Rosenberg: The US Housing Market Is "Definitely" Weakening, And You Can't Just Blame The Weather

US housing starts

Photo: Gluskin-Sheff

Analyst Dave Rosenberg speaks about the sour state of the US housing market in this morning’s appropriately titled “Guinness With Dave” newsletter.

As month-over-month slides in housing continue to increase, we are running out of ways to shield ourselves from the cold, hard truth. Housing starts are toast, like it not. And you can’t blame the weather for that:Guinness With Dave: The U.S. housing market is definitely weakening. That 5.9% mum slide in housing starts, to 575k at an annual rate in February, was far more than just a weather report because even excluding the Northeast, activity still fell 5.4% on the month.

The single-family sector dipped 0.6% mum, to 499k at an annual rate. Single- family starts appear to have bottomed out last spring/summer, but the problem is that there is no follow-through despite all the stimulus — in large part because of the still large overhang of supply.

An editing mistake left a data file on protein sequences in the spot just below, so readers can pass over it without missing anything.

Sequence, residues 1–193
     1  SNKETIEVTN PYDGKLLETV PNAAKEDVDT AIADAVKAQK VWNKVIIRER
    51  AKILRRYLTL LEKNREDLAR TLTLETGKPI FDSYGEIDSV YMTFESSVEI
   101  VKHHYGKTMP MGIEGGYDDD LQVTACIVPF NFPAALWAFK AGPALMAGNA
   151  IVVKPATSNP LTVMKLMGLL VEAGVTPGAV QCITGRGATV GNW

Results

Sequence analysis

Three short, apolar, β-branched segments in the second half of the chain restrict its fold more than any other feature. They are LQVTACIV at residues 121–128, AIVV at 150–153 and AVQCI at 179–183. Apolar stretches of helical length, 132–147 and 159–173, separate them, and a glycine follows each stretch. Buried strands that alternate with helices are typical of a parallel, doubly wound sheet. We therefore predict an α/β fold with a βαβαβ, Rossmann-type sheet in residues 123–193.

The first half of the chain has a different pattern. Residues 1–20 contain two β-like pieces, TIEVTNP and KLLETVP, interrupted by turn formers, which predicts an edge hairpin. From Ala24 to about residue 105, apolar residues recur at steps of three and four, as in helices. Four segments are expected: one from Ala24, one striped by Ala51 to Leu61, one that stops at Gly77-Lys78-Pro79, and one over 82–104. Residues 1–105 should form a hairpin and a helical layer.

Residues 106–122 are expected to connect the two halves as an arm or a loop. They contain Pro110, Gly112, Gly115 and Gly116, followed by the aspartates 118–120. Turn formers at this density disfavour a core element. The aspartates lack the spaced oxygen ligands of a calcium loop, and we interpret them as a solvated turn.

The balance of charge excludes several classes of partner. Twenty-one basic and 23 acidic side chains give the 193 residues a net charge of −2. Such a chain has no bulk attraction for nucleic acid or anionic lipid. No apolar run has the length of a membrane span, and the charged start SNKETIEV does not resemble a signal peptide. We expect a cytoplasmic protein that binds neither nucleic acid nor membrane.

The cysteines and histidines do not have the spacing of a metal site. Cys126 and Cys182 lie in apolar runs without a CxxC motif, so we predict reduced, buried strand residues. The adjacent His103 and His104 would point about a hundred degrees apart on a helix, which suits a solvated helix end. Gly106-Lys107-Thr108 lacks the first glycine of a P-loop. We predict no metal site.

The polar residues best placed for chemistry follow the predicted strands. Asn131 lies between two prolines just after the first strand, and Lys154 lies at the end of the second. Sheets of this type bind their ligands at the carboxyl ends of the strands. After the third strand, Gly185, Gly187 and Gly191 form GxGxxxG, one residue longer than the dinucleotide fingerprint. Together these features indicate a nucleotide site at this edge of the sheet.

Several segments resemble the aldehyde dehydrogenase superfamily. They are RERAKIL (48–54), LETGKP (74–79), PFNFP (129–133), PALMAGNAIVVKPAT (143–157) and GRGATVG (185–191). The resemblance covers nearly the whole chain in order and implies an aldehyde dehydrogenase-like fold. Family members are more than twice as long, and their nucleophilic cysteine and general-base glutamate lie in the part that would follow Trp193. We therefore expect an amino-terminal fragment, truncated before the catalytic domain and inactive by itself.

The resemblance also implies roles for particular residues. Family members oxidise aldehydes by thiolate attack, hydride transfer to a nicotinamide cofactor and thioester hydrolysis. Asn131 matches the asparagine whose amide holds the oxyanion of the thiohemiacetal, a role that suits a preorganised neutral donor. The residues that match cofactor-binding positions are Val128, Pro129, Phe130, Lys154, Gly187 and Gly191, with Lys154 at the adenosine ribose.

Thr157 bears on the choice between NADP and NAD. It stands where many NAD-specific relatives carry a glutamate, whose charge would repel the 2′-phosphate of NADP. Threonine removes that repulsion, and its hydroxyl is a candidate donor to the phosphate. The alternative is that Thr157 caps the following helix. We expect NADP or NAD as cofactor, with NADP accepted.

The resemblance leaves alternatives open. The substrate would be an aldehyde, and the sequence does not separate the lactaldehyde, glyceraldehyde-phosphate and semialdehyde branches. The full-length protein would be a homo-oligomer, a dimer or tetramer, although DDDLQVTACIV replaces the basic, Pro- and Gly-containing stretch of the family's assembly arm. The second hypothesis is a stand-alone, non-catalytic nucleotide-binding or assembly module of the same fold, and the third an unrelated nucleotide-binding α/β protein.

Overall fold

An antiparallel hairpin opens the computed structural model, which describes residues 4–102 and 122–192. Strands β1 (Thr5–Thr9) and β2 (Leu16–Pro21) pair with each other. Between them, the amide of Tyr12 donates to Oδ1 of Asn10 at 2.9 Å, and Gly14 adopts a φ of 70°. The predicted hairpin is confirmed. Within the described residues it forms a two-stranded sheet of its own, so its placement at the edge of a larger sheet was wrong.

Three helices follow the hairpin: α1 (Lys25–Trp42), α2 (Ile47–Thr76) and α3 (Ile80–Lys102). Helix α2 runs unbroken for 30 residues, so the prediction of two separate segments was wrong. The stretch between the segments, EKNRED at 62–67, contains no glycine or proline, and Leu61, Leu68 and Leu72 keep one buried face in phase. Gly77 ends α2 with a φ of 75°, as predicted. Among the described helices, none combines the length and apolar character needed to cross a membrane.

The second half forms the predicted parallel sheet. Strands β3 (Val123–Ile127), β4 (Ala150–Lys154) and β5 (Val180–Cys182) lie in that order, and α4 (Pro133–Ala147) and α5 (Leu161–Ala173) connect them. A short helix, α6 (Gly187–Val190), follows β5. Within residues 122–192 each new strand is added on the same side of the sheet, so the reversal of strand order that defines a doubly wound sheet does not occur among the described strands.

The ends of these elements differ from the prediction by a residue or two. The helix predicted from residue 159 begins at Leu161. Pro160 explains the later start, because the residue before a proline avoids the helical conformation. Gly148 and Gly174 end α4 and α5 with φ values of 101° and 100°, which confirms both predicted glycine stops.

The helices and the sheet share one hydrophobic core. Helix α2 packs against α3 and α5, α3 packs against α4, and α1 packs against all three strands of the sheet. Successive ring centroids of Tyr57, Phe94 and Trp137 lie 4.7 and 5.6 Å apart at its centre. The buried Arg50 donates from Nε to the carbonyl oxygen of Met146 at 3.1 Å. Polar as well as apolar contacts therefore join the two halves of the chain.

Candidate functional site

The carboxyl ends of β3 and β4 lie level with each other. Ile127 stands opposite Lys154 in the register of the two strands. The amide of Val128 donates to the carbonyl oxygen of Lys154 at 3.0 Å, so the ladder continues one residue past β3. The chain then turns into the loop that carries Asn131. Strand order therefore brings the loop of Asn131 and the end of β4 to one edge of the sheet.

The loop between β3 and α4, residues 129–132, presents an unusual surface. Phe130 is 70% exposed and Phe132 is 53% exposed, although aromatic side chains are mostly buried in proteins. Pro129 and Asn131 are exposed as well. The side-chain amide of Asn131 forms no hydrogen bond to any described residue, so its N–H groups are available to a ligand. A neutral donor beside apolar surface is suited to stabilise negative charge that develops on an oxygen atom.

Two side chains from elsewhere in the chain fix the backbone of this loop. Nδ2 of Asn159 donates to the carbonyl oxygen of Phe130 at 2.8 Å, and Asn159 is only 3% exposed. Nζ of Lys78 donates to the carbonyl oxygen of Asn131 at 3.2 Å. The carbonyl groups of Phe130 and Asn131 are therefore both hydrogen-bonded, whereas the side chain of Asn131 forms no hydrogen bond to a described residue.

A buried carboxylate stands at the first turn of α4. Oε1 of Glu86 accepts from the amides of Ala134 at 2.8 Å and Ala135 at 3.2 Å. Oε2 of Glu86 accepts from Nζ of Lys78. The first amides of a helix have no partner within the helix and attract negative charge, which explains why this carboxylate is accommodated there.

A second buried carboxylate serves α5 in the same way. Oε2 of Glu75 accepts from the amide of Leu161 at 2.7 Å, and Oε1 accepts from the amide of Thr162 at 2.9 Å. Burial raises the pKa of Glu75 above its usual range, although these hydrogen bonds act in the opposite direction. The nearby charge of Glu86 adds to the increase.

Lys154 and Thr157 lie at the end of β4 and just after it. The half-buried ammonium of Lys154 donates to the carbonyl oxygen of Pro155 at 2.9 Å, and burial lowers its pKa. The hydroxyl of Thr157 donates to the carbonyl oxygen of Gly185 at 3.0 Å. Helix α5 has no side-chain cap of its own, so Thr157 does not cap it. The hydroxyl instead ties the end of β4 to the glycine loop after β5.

The multi-family sector was the key culprit, falling 30.3% mum in February back down to 76k at an annual rate. Moreover, there is no reason for the weather to have played a role in the fact that building permits were down 1.6% in February — the second decline in the past three months. And, the NAHB index is highly suggestive of further declines in both home sales and housing starts in coming months. Single-family starts and the NAHB are both back down to June-July levels and yet the S&P Homebuilding index is up 40% from that time. That is what you call …. a whole lot of air.

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